• C: I think you operated without the varieties form CIMMTY Swai, another point we need to consider is the contribution of these crops to nutrition. We are talking of using the pigeon pea varieties etc. In ISFM we talk on improving varieties, managing the soil with fertilizer. The question is how do we account for nutrition in this aspect, how do we get some data on the aspect on human?
  • R: Still there is a need to collect the clear data to substantiate the data collected for human domain.
  • C: We need to define what are the technologies that Africa RISING is promoting, and then we evaluate the crops contribution to the nutrition. I agree with Prof. to focus on what we are currently doing verse what farmers has been using before, to assess the changes that these technologies have contribute to nutrition. On the case of nutrition, we shall need to evaluate if we are now promoting the nutrient dense varieties at the same time compare with, the farmers who are using the local materials with low quality. It will be important to capture this information in term of nutrition aspect.
  • C: The question on whether, ICRISAT are improving Pigeon pea also consider assessing the high protein content or they are basing on the agronomic characteristic (drought tolerant, diseases etc.) was important to address.
  • ACTION: ICRISAT/SUA to explore PP utilization in family diet/income from PP in accessing nutritious foods.This will lead the team to come with different recipes which can be attractive to people to be able to consume PP to various forms.
  • C: There is a need to consider checking the rate of consumption (of the crops with and without ISFM)
  • C: The data to be collected should be responding to the system as whole. Data such as the income obtained from selling the PP also consider the income aspect of it
  • Q: Why PP?
  • R: It is because of the integration with what ICRISAT is doing with nutrition, it appears that the nutrition part was missing, the PP was addressed in their workplan (ICRISAT) and will be linked to the nutrition aspect
  • C: For this season, Shitindi needs to explore the contribution of PP in term of soil fertility, as far as the nutrition is concerned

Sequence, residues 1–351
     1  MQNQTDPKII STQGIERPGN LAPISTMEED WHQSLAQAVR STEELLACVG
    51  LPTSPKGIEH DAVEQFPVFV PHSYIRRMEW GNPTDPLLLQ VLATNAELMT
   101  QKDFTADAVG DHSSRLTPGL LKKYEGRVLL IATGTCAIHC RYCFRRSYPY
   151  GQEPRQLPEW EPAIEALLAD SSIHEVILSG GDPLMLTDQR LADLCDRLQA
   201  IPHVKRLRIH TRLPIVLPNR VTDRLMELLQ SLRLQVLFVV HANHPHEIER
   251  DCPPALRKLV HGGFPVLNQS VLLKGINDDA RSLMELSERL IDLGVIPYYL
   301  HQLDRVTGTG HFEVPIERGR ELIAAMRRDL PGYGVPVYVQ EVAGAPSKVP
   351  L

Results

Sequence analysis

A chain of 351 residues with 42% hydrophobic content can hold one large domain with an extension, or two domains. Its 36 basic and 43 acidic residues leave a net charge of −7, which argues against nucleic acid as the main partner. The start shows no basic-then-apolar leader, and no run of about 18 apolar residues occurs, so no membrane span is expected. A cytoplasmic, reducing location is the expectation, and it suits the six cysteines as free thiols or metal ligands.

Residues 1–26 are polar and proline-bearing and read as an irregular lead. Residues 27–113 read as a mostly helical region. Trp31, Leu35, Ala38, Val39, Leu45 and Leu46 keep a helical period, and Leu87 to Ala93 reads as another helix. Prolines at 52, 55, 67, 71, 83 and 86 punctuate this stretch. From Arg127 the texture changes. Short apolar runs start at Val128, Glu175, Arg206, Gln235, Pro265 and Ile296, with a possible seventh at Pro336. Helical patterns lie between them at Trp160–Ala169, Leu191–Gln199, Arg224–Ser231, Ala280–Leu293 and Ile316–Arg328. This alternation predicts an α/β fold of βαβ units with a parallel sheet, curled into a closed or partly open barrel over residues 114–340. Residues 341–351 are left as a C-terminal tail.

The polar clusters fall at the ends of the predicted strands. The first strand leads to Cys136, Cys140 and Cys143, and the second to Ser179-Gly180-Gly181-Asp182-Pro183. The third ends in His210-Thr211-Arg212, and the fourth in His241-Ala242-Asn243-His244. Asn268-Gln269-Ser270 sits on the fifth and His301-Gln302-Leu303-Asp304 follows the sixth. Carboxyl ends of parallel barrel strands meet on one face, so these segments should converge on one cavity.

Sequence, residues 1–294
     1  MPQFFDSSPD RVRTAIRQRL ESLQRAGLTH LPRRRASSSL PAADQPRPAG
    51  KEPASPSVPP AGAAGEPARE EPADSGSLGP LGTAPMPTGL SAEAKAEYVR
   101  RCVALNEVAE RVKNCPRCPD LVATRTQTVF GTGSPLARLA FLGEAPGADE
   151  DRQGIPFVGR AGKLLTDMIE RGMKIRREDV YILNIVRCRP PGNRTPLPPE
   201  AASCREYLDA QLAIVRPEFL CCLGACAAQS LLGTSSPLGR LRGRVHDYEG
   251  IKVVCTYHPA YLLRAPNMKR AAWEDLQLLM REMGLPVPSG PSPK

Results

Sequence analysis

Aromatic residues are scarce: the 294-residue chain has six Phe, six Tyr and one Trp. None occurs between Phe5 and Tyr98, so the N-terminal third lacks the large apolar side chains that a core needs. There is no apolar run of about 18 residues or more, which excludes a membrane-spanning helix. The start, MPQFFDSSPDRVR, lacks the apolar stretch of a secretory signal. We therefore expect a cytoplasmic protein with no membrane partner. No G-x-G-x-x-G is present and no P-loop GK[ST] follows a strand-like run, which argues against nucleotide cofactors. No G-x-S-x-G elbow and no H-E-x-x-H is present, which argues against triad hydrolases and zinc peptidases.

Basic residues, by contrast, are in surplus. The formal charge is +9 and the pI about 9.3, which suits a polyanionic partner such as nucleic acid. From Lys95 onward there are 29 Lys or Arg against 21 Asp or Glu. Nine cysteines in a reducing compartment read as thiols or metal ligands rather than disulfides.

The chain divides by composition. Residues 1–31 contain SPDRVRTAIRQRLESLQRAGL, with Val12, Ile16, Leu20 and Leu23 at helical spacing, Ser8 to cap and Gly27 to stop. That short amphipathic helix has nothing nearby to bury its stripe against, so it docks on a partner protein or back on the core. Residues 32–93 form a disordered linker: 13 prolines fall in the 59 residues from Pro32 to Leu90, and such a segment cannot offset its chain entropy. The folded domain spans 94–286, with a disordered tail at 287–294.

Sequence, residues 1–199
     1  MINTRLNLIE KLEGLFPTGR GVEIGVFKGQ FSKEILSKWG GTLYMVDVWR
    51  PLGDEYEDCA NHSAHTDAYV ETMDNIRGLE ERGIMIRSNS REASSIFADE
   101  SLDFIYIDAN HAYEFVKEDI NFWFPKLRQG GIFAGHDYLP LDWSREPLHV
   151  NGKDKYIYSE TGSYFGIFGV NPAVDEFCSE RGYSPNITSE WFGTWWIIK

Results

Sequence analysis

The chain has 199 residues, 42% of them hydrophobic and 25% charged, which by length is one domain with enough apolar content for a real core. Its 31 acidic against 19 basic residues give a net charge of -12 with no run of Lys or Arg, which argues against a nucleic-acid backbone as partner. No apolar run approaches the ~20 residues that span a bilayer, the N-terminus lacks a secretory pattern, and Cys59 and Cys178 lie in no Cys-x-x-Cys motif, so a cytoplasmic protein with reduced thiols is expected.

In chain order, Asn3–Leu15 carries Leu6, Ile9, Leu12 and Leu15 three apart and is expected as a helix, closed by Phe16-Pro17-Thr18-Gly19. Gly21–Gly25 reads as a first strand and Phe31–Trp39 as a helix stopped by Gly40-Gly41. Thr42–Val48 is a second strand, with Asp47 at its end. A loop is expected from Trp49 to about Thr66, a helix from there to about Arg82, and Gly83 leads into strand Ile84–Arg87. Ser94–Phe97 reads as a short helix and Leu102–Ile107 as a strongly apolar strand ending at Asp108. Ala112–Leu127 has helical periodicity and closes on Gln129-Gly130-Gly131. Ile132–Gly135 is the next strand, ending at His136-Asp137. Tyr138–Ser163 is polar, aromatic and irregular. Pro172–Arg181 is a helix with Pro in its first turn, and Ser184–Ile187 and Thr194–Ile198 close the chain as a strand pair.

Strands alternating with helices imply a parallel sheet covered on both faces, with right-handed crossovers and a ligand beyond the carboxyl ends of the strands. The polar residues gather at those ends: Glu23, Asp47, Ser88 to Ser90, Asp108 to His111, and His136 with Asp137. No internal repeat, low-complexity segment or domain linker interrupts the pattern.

• ACTION: Collection of crop residue data need further refining of the methodology to encompass non participation neighboring field
  • ACTION 2: ICRAF information on firewood generated from PP at farm level (farmer Moshi Maile). ICRISAT Performance of elite varieties (legumes, cereals) under stressed conditions: Integration with TARI in terms of soil and water conservation. Economic integration (participatory evaluation) to be discussed with IITA. Integration with CIMMYT in terms of cereals? Soil fertility management? Should be set up at the farm level with linkages made explicit (currently set up at the landscape and community level).
  • ACTION 1: ICRISAT to provide promising sorghum varieties for integrating in soil water interventions under Moshi Maile farm.
  • ACTION 2: ICRISAT contribute in assessing resilience of new varieties (improved) under the stress conditions (plot/landscape level).CIMMYT: Farm level evaluation of drought tolerant maize varieties: Economic integration (IITA) considered. Integration with SWC, soil fertility management and agroforestry? Human (QPM) domain? Farm level linkages are there but should be made more explicit (for instance how are crop residues used).
  • C: There are work on nutrition analysis been carried out/ implemented, but It was difficult to associate with agronomic practices. For last year, sample where collected from Swai, at plot level. The data collected was for the proximity analysis (composition in term of protein and micro nutrient content) and aflatoxin.